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‘The Great Gatsby’ follows F. Scott Fitzgerald-like, would-be writer Nick Carraway as he leaves the Midwest and comes to New York City in the spring of 1922, in the midst of the roaring twenties, glittering jazz and bootleg kings. Chasing his own American Dream, Nick lands next door to a mysterious, party-giving millionaire, Jay Gatsby, and across the bay from his cousin, Daisy, and her philandering, blue-blooded husband, Tom Buchanan. It is thus that Nick is drawn into the captivating world of the super rich, their illusions, loves and deceits. As Nick bears witness, he tells a tale of impossible love, incorruptible dreams and high-octane tragedy, and holds a mirror to our own modern times and struggles.

Baz Luhrmann directs the ‘The Great Gatsby’ from a screenplay co-written with frequent collaborator Craig Pearce, based on F. Scott Fitzgerald’s classic novel of the same name. Lead by Leonardo DiCaprio as Jay Gatsby, ‘The Great Gatsby’ also stars Tobey Maguire as Nick Carraway, Joel Edgerton and Carey Mulligan as Tom and Daisy Buchanan, Isla Fisher and Jason Clarke as Myrtle and George Wilson, newcomer Elizabeth Debicki as Jordan Baker, and Indian film legend Amitabh Bachchan as Meyer Wolfsheim. ‘The Great Gatsby’ arrives in cinemas on May 10th in the US and Canada, with an international rollout on May 15th (May 16th in the UK). Look out for a more in-depth interview with Leonardo DiCaprio for the film in May. 

What was it about Jay Gatsby that particularly intrigued you when you were first approached to play him? He’s a character, an iconic character, who still garners much debate and discussion….

Leonardo DiCaprio: Yeah, definitely! Jay Gatsby is an incredible character to play because I think everyone has their own interpretation of who Gatsby is, what his motivations are. And a lot of what makes Jay Gatsby so interesting is what is left unsaid in the novel and what is left unsaid about Jay Gatsby. He’s young man who came from humble beginnings and sort of recreated himself according to his own imagination – for the love of a woman. And this woman he loves belongs to a different class structure to him. On the surface, I think he’s pretty much the manifestation of the “American Dream” of imagining who you can become in a place and a time like America in the 1920s.

He’s a man who’s obsessive, to say the least. After revisiting the book, what jumped out at you about him? 

Leonardo DiCaprio: Time and time again you pick up on these little inklings of what F. Scott Fitzgerald was trying to say about Jay Gatsby. When I first read it, I thought, “Here’s this hopeless romantic who’s truly in love.” There’s a key moment in the book where he’s finally got Daisy in his arms, there is that green light that has now manifested into something physical – he has her there. But he’s still staring out at the green light, he’s still searching for something and that void isn’t necessarily filled. He’s not present with her. The list of dreams has declined by one, and is it good enough? Is she good enough? Is she going to be the ultimate perception of what he thought she was in his own imagination?

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Do you remember when you first knew Carey Mulligan would be playing Daisy Buchanan?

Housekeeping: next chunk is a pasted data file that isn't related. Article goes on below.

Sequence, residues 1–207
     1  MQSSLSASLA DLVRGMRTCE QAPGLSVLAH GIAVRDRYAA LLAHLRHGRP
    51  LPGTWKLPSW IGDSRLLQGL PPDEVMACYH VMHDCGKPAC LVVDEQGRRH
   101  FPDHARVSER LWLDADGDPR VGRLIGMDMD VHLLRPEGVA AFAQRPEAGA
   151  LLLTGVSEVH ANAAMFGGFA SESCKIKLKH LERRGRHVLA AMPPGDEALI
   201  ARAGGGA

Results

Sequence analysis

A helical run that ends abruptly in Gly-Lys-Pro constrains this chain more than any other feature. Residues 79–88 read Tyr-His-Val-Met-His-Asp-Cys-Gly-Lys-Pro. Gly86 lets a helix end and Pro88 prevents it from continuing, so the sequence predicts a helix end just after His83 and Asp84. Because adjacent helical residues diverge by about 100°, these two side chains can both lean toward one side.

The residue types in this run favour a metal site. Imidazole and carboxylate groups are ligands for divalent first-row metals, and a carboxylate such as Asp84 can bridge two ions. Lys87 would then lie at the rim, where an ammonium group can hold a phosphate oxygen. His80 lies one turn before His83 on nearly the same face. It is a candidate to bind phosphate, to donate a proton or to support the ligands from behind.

Leonardo DiCaprio: Casting the film, as soon as Carey Mulligan came in the room we kind of knew when she sat down that she was able to encapsulate all the things that are Daisy Buchanan. And then as soon as we read with her and done some of the scenes with her she was able to portray that sophistication in each of the lines that she read. Then as soon as she left the room, I don’t know if Baz and I said, “That’s the person for the job,” but we both kind of looked at each other and we knew (laughs). We knew we found our Daisey Buchanan.

On the surface, ‘The Great Gatsby’ may seem like an unusual choice for a 3D movie. What do you think that technology brings to the film….?

Leonardo DiCaprio: The whole idea of 3D was very interesting to me, you know? The fact that Baz wanted to almost make it like a theater production. We’ve seen 3D done in a lot of ways, and seen it for all of its spectacle and fantastic action sequences, but to use it in a dramatic context, it’s very interesting. Because then it does become like theater, then you actually feel the distance between characters. You feel the intensity that characters will have with one another – especially in the sort of Plaza sequence near the end. 3D is used very brilliantly in that sequence to understand the heat and how close these people were in the room, and the issue that needed to be brought up, the sort of way in which Jay was trying to be gentlemen about the situation, but the fire that was sort of brewing beneath him. The 3D, just from a dramatic perspective, is used quite brilliantly. That was a whole other exciting element of doing this film.

And aside from the 3D, there’s some modern elements with the look of the film and the music. It’s story set in 1922, with themes that seem especially relevant in this day and age…..

Leonardo DiCaprio: Definitely. There’s the idea of infusing elements of hip-hop, there’s the idea of giving the 1920s that sort of modernism that isn’t going to separate you from being in that time period, but makes you understand the sort of cultural references and what it would be like if these people were alive today, you know? The cars are a little bit faster and a little bit louder, the costumes are just a little bit more outlandish and everything’s just a little bit more extravagant to make you understand how enormously wealthy these people were (laughs), and how outrageous their lifestyle was. Baz certainly focused on that.

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